By George

by drrafael

A while back, in the midst of a visit to the barber, I was deemed to be suffering from a rather serious case of white guilt given my vote for Obama in 2008. I was taken aback by the realization that my rather thoughtful approach to candidates and policy had been subconsciously subverted by an overwhelming sense of white guilt. In hindsight, I now see that my opposition to the foreign policy, the financial policy, health care policies and almost every policy of McCain/Palin were not driven by rigorous analysis, consideration or dichotomy of values but merely by my white guilt overtaking my sense of reason.

Who knew?

Apparently, George Will does as he rightly calls me out this election cycle:

Obama’s administration is in shambles, yet he is prospering politically. This may not, however, entirely be evidence of the irrationality of the electorate. Something more benign may be at work.

[snip]

Perhaps a pleasant paradox defines this political season: That Obama is African American may be important, but in a way quite unlike that darkly suggested by, for example, MSNBC’s excitable boys and girls who, with their (at most) one-track minds and exquisitely sensitive olfactory receptors, sniff racism in any criticism of their pin-up. Instead, the nation, which is generally reluctant to declare a president a failure — thereby admitting that it made a mistake in choosing him — seems especially reluctant to give up on the first African American president. If so, the 2012 election speaks well of the nation’s heart, if not its head.

By George, he’s right!

I mean it’s utterly irrational to vote against Romney/Ryan given their view on health care, on foreign policy and on their fiscal policies. Indeed, to point out that the Ryan budget and policies are wholly implausible from an economics perspective is utterly irrational and actually driven by that crushing guilt , no thanks to President Obama.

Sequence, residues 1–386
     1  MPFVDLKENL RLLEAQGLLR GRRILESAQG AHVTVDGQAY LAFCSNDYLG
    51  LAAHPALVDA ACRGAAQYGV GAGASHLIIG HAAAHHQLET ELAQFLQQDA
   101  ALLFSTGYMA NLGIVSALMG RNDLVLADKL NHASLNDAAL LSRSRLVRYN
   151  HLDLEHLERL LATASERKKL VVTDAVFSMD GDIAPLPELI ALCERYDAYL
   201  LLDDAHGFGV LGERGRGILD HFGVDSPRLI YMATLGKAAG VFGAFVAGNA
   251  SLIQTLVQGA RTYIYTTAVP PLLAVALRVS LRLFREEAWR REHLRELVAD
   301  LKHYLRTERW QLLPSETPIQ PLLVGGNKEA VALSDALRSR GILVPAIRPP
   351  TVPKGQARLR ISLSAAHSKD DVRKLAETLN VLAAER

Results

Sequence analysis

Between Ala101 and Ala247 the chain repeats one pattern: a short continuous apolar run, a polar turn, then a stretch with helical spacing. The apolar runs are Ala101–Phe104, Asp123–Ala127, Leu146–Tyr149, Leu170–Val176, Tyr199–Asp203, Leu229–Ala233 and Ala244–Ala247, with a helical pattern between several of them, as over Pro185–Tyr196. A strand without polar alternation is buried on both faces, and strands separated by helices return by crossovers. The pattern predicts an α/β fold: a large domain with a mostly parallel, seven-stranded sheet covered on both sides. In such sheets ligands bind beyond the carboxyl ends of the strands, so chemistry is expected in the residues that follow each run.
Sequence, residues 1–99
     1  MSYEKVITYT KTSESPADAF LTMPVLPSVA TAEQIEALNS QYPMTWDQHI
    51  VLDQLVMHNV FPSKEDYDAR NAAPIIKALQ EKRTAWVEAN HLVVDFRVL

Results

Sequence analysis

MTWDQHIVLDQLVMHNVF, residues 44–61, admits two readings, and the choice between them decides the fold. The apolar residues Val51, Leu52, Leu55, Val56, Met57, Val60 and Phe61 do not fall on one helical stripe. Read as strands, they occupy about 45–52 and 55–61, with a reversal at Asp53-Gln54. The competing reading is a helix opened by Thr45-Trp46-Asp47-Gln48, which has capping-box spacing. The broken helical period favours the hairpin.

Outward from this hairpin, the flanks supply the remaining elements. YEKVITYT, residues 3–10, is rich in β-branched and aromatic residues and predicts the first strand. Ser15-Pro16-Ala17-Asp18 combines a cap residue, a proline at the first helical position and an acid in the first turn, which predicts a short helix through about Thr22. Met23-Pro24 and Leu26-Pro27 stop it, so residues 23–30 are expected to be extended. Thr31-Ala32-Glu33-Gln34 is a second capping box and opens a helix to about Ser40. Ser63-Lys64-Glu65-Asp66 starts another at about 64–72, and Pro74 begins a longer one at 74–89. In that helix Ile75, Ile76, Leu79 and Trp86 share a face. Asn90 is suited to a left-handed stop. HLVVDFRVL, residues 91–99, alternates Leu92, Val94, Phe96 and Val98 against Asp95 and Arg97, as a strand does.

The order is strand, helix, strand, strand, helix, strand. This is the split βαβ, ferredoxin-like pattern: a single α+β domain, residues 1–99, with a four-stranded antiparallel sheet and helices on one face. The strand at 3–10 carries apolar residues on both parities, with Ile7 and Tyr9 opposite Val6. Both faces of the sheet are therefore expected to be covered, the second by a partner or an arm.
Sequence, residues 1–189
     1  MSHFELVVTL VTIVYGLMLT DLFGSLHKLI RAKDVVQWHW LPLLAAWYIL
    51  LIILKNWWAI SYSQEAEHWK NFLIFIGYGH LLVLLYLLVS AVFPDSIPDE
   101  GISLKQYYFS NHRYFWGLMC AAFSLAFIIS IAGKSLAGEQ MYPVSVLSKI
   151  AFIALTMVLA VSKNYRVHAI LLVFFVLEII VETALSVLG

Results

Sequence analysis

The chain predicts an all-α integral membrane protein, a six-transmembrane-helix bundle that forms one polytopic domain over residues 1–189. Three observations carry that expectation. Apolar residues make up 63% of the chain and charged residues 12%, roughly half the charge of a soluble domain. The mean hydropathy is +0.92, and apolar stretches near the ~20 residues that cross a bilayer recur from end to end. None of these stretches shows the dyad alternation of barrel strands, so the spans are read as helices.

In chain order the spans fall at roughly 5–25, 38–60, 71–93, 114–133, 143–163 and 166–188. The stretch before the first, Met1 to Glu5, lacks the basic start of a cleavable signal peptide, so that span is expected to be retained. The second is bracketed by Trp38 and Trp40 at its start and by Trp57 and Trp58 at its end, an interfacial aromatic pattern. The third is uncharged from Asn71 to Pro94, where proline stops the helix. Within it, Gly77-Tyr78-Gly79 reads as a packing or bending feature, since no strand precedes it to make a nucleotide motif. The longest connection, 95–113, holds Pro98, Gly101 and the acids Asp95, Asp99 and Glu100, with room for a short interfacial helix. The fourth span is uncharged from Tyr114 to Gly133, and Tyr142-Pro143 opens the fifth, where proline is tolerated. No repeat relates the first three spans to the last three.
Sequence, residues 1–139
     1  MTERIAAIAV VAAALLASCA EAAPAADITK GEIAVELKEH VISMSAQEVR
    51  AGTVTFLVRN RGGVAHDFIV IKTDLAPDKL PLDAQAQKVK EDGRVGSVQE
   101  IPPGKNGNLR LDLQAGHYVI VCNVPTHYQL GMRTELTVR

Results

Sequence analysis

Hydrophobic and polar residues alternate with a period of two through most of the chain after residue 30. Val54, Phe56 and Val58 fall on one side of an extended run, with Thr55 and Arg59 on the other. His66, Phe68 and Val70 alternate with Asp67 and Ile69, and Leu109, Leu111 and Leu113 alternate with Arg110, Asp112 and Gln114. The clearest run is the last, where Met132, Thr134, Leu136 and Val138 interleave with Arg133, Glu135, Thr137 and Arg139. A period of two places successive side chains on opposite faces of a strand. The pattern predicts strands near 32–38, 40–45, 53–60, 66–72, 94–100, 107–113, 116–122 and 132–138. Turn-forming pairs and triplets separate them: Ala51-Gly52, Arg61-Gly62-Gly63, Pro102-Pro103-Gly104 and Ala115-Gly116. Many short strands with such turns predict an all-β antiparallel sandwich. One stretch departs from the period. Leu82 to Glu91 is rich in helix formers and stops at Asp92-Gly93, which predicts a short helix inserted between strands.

As I considered the brilliant insights of one of conservatism’s leading intellects, I began to reassess my guilt in a more reasoned way and I experienced a near epiphany:

I never really liked Jimi Hendrix as a musician given his virtuosity on the guitar or his impact on guitar playing: I just felt guilty — purple haze all in my brain apparently.

I never found Richard Pryor to actually be funny while simultaneously offering a satirical view of society at a time of transition on race: I was just guilting myself to laugh.

I don’t think LeBron James is actually that talented; I just think the white guys on the opposing teams play down to bring LeBron up. You can see the guilt in their eyes every time LeBron slams it down; or Durant; or Westbrook; or Howard; or Jordan; or Griffin. Oops, sorry about Griffin. Damn you, guilt, their eyes scream as their opponents sail overhead.

I don’t actually like to read Ta-Nehisi Coates or enjoy his writing style; I just have this overwhelming guilt to read stuff black people write. Or listen to Jay-Z: if only he were white, I wouldn’t have to listen to it. My conscience would be clear and I could share my iTunes list with George Will.

And to my wife, who was a bit taken aback by my overzealous response as to my opinion of Beyonce’s attractiveness, I can now say with a straight face and with the conviction of my guilt, that I simply have all this guilt which makes me say things I don’t really mean .  Could I actually say that she is hideous : of course not, my guilt overwhelms me to do and say things I really don’t mean.

Damn you to hell, lever finger on election day!

Thanks George. It all makes sense now.

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